The rest of us enjoyed a nice breakfast at 8 o'clock, after which Hana and David left, taking Tom with them. And then our taxi came to get Jonathan, Dan, and I to the Kruger Mpumalanga International Airport, about 45 minutes away. Our driver, Raymond, was very personable and talkative on the drive, and gave us some parting information about the land we were traveling through.

Protective bags on banana bunches
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After this tree species is harvested, it grows back from the stump
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Re: How about South Africa?
« Reply #185 on: April 09, 2020, 07:07:17 AM »
Raymond dropped us off at the airport, unloaded our bags and we were immediately greeted by someone with a baggage cart. Normally when we travel I would decline any assistance, but between his insistence to help and my need for his help (having four bags to carry was not easy), I let him load the bags on the cart and followed him in to the airport. It was a surprisingly nice airport.

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We had some time to kill so Dan and I wandered the shops and ended up finding Jonathan down at the bar. We ordered (surprise!) Wimpy's for an early lunch.

Our flight boarded and we settled in for the two and a half hour flight across the country. Dan took the window seat, but I looked over his shoulder once in a while.

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Getting close to Cape Town
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Re: How about South Africa?
« Reply #186 on: April 09, 2020, 07:07:46 AM »
Dan called an Uber to bring us from the airport to our BnB, the Markotter, for the next two nights. We would not be going back to Cape Town, but to a suburb town called Bellville. I knew nothing about this place and chose it primarily on proximity to the airport and good reviews. Our host Louise even asked me what my expectations were because, as she put it, "there is nothing here". I appreciated her frankness but frankly, this is what I was looking for. Regardless of Dan's accident, I had been looking forward to a full day of doing nothing but relaxing, repacking the bags and taking a break before we made the long flight home. It was mid-afternoon when we arrived and we immediately dumped our bags and got settled in.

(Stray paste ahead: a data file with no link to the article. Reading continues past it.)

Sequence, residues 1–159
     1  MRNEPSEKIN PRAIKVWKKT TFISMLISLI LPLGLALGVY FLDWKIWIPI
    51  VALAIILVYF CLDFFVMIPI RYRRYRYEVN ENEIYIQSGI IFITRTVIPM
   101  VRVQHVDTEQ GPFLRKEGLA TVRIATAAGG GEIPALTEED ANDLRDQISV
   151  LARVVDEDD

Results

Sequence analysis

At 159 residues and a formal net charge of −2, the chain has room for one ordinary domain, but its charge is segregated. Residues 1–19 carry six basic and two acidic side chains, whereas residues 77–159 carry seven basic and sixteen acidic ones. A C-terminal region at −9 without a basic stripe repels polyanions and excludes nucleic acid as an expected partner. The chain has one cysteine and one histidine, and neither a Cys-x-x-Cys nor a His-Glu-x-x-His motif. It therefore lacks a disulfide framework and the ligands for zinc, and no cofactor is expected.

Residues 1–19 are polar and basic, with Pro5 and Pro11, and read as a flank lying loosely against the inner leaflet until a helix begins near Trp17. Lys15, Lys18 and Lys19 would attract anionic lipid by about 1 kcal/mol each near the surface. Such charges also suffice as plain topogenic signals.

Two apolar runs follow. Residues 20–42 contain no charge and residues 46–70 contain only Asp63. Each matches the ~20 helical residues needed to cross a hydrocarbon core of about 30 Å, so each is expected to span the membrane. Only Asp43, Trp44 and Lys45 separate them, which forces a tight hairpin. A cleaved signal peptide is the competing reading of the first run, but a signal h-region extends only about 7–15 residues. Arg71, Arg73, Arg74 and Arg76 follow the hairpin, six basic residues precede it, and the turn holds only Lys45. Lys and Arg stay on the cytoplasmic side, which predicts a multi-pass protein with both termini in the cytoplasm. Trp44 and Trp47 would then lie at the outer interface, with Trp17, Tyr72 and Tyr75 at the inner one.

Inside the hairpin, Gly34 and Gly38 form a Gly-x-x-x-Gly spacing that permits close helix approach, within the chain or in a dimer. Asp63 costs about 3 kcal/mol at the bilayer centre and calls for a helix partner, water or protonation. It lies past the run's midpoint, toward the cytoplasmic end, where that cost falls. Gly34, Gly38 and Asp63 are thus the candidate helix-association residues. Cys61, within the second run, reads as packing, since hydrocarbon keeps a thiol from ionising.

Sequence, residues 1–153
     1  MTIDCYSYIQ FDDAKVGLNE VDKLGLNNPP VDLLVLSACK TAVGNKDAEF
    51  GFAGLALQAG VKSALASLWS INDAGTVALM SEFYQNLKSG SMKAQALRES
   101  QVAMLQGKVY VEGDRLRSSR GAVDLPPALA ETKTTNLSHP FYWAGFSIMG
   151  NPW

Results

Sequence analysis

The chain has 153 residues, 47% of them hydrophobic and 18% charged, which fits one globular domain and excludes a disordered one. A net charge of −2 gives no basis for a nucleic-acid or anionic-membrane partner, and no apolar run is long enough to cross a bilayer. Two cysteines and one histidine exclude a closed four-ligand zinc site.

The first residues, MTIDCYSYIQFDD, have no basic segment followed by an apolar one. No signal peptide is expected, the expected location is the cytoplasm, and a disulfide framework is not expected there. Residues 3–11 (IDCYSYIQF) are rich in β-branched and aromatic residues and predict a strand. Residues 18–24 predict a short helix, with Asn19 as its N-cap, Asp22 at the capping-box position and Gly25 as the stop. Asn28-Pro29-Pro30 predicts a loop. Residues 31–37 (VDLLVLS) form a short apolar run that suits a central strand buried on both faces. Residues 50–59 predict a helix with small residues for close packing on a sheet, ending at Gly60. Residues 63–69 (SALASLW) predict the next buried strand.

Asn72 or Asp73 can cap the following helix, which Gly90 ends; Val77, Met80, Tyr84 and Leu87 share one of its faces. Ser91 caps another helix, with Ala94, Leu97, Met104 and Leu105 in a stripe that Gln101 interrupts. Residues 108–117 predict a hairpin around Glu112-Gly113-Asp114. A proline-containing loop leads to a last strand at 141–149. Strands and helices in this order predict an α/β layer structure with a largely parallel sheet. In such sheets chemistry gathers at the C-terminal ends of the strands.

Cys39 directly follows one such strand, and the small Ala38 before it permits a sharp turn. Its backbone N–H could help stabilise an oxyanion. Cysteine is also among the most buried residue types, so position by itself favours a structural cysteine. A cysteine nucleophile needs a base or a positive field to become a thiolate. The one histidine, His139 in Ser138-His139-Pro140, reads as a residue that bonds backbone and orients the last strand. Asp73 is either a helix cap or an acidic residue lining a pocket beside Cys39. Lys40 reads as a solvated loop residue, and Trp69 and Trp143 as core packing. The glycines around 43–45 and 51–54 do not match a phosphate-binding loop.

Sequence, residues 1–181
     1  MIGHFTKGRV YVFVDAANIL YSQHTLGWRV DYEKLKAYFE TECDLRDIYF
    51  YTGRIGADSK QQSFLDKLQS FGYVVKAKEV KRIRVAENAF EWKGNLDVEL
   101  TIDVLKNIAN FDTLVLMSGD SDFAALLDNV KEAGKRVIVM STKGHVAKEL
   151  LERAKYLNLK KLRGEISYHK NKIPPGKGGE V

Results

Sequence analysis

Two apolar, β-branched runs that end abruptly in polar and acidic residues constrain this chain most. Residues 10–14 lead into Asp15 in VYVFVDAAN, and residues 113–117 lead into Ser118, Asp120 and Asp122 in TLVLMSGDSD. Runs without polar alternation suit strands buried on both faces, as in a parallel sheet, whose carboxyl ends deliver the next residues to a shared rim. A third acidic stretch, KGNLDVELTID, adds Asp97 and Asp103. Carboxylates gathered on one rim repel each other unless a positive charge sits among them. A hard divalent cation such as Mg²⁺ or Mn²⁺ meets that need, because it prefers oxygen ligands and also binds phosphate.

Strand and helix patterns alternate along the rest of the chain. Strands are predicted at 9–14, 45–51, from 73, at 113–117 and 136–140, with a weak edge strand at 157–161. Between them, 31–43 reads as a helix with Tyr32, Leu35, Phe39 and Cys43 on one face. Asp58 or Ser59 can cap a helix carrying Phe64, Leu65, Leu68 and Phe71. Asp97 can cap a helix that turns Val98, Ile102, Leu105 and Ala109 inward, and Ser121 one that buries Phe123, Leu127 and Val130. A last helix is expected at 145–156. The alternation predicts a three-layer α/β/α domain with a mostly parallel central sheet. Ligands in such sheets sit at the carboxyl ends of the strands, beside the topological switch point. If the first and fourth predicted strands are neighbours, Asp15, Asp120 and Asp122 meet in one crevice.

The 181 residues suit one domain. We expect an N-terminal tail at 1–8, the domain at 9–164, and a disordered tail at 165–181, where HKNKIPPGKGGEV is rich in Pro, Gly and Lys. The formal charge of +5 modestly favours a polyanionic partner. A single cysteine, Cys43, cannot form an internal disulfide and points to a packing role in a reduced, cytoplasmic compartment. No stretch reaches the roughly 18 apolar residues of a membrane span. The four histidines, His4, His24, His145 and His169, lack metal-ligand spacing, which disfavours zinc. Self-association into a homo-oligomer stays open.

What we had was perfect: a nice comfortable living area with couches to stretch out on, a big bedroom to scatter our belongings, a quiet pool and yard to relax in. There was a Pick n Pay just a few blocks away that we could walk to in order to get ingredients for our meals. The neighborhood was interesting in that it was a middle class area, but the defenses were strong. Fences, gates, signs for alarm systems...it gave the impression that robbery attempts happened regularly. Dan and I did not feel unsafe walking around, but we also made sure to go out only during the day.

It was a great night's sleep and now we had a full day to do nothing. We did find a wonderful cafe (<a href="http://bostoncoffee.co.za/" rel="noopener noreferrer" target="_blank">Boston Coffee[/url]) near the Pick n Pay where we had a tasty brunch before picking up some more snacks at the store. And then it was back to the pool!

With our flight early the next morning, I repacked our bags the night before. With the absence of Dan's helmet (and a bit of packing magic) I was able to get our stuff down from four bags to three bags. This would make things much more manageable, since Dan wasn't able to carry anything.

On Tuesday we took another Uber back to the airport, dropped off two of the bags and made our way to the gate. We got the last South African stamp in our passports of this trip. Next stop: Switzerland!

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Farewell, Cape Town!
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Somewhere near the Sahara
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Zoom!
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The dunes of the desert
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A friend of ours was kind enough to pick us up from the airport, making the trip from Zürich to Basel so much easier. Dan had been good about getting around, but it really was through the use of some strong drugs that he had made it this far with this level of comfort.

Some things never change
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A rough view of our trip - superimposed over Europe for scale
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Follow up on Dan: Shortly after our return to Basel Dan went to his own doctor for a check up. After another x-ray, his doctor immediately made a request for Dan to go to the hospital and get a CT scan. It was determined that he had nine breaks and had a partially collapsed lung. Everyone, including Dan, was surprised. He has since had surgery to remove excess fluid and stabalize some of the ribs. I am happy to report that he is well on his way to back to "normal".
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Online Mrs. DantesDame